5. Groundwater hydrology and drain-tile hydraulics Many of the needed features of a Rural Stormwater Management Model are now incorporated into the PCSWMM platform.

We learned through this project that no single model can provide all the knowledge needed to address water quality issues, but the RSWMM enhancements to PCSWMM provide a powerful new tool in the stewardship tool box.

Another lesson learned is that more long-term monitoring is needed to make the model as robust as possible as it is further enhanced and updated in the future. Individual models have been created for each of the five sentinel watersheds based on detailed information collected as part of the project.

These models will be used for evaluation new best management practices in these watersheds.

Next Steps

Now that detailed enhancements for rural areas have been added to existing modeling software, partners of the Healthy Lake Huron: Clean Water, Clean Beaches initiative will work on using and improving this powerful new model as an important decision-making tool.

Additional features have been recommended for next steps.

Continued monitoring of water quality and quantity and weather in the sentinel watersheds will allow for model refinement and improved calibration in the future.

There also will be a need to train appropriate staff on the use of the new RSWMM features of PCSWMM.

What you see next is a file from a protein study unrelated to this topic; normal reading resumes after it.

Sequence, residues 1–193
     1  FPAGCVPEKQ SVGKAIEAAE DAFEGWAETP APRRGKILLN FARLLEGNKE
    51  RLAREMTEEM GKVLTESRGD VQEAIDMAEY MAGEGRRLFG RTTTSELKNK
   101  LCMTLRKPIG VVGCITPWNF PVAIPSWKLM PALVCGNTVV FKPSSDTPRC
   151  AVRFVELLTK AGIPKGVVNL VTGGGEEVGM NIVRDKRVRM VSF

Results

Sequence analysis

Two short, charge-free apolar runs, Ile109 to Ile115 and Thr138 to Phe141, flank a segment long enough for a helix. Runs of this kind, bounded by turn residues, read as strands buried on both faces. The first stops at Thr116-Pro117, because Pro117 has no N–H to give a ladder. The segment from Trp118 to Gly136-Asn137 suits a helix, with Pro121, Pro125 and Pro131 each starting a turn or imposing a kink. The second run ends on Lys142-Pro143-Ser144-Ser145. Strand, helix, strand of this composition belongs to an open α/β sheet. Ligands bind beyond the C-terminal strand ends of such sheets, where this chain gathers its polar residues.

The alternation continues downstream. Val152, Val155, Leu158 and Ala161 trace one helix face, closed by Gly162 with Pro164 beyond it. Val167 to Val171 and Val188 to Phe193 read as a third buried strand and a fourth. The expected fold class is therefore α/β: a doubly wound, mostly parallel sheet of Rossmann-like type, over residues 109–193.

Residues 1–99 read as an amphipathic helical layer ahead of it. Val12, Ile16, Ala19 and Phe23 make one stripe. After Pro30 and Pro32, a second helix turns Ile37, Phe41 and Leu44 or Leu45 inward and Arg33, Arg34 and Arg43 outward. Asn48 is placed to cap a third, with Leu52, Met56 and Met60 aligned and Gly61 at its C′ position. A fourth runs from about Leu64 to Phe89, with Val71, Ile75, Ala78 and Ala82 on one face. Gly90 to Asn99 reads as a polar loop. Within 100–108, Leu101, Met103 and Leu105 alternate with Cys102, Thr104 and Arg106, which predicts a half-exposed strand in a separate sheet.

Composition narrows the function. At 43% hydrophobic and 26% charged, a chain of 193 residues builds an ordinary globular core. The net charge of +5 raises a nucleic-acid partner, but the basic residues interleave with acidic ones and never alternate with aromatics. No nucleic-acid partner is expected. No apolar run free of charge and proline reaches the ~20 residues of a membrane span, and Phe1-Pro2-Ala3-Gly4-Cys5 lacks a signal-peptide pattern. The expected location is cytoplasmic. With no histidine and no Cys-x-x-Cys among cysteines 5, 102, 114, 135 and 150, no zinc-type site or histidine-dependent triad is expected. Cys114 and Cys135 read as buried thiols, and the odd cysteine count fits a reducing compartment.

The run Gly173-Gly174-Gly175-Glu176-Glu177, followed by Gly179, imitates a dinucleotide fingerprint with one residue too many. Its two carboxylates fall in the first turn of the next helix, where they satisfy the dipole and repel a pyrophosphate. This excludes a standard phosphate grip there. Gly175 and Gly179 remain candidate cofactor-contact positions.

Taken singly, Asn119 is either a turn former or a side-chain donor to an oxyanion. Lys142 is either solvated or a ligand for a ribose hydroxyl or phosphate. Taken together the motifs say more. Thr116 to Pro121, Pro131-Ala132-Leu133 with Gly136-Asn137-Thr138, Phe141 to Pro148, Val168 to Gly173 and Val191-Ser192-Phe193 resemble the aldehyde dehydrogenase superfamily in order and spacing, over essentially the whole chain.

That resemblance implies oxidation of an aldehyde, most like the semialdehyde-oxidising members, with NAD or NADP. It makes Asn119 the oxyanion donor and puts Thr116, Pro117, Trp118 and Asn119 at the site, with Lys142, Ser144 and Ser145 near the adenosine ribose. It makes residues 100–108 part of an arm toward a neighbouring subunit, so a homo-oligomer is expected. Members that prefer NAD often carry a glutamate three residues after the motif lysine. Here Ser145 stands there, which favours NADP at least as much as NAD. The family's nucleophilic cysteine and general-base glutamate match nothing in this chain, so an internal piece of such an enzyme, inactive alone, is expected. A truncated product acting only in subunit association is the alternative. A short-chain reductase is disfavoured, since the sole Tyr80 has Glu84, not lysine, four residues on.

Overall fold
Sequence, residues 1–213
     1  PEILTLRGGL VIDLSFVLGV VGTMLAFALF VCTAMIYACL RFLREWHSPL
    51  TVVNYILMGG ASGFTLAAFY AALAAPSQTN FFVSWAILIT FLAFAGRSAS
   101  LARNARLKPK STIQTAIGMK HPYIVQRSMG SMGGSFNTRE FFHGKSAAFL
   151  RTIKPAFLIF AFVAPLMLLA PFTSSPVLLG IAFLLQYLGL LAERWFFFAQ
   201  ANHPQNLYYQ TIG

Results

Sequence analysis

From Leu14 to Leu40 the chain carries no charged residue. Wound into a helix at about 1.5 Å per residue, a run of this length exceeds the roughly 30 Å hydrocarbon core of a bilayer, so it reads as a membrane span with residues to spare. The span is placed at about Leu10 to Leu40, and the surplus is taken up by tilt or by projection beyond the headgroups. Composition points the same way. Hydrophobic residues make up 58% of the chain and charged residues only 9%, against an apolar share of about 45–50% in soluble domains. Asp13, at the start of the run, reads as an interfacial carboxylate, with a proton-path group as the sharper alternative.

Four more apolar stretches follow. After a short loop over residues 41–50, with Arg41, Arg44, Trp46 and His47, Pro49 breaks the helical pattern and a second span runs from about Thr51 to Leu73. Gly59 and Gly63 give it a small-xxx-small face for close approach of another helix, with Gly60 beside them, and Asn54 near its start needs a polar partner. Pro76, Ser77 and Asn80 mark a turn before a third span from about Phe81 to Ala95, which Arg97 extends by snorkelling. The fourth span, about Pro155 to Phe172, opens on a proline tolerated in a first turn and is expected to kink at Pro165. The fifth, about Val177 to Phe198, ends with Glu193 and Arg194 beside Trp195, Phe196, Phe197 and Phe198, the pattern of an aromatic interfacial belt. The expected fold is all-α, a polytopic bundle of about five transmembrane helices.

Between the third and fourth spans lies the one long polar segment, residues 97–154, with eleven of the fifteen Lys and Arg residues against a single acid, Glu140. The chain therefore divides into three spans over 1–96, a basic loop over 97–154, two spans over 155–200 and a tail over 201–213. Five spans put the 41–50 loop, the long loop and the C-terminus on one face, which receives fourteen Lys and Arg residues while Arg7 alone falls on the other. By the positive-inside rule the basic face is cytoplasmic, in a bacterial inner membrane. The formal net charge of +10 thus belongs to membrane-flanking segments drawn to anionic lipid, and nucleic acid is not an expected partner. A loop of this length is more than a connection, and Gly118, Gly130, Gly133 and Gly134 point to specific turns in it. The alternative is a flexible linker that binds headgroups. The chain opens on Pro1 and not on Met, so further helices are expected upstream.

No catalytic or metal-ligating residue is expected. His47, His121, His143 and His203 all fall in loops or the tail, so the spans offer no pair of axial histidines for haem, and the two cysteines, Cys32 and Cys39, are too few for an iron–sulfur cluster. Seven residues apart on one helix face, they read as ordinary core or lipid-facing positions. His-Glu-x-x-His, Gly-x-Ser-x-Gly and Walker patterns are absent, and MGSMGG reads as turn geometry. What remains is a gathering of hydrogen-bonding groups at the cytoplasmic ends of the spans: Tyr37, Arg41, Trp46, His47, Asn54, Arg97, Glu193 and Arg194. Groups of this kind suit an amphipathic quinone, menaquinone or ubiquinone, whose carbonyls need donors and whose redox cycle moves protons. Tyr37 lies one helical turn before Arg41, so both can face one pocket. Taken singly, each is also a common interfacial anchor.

The Healthy Lake Huron partnership plans to work with all levels of government, funding organizations, community groups, landowners, and professionals in the field to use this new tool, seek funding to continue monitoring improvements, continue to field-test and calibrate the model to improve the quality of the results, and implement stewardship projects strategically with information from the model.

Application for Ontario communities

The new Rural Stormwater Management Model (RSWMM) can benefit communities in Ontario and other parts of Canada and the world. The modeling software has urban and rural features and is of particular application in rural areas.

The new features of RSWMM are incorporated into the existing PCSWMM software.

The software, including RSWMM enhancements, is available through a purchased licence from Computational Hydraulics International (CHI), 147 Wyndham St. N., Suite 202, Guelph, Ontario, Canada N1H 4E9. Their website is www.chiwater.com.

A one-month trial version of the software is also available.

Contact CHI for information. Their email is info@chiwater.com. Telephone is: 519-767-0197.

Contact Information for the Project

 Alec Scott, Water and Planning Manager Ausable Bayfield Conservation Authority (ABCA) 519–235–2610 • 1–888–286–2610 ascott(at)abca.on.ca

Rural Stormwater Management Model Project

c/o Ausable Bayfield Conservation, 71108 Morrison Line

RR 3 Exeter, ON

 N0M 1S5

abca.on.ca

This project has received funding support from the Government of Ontario. Such support does not indicate endorsement by the Government of Ontario of the contents of this material.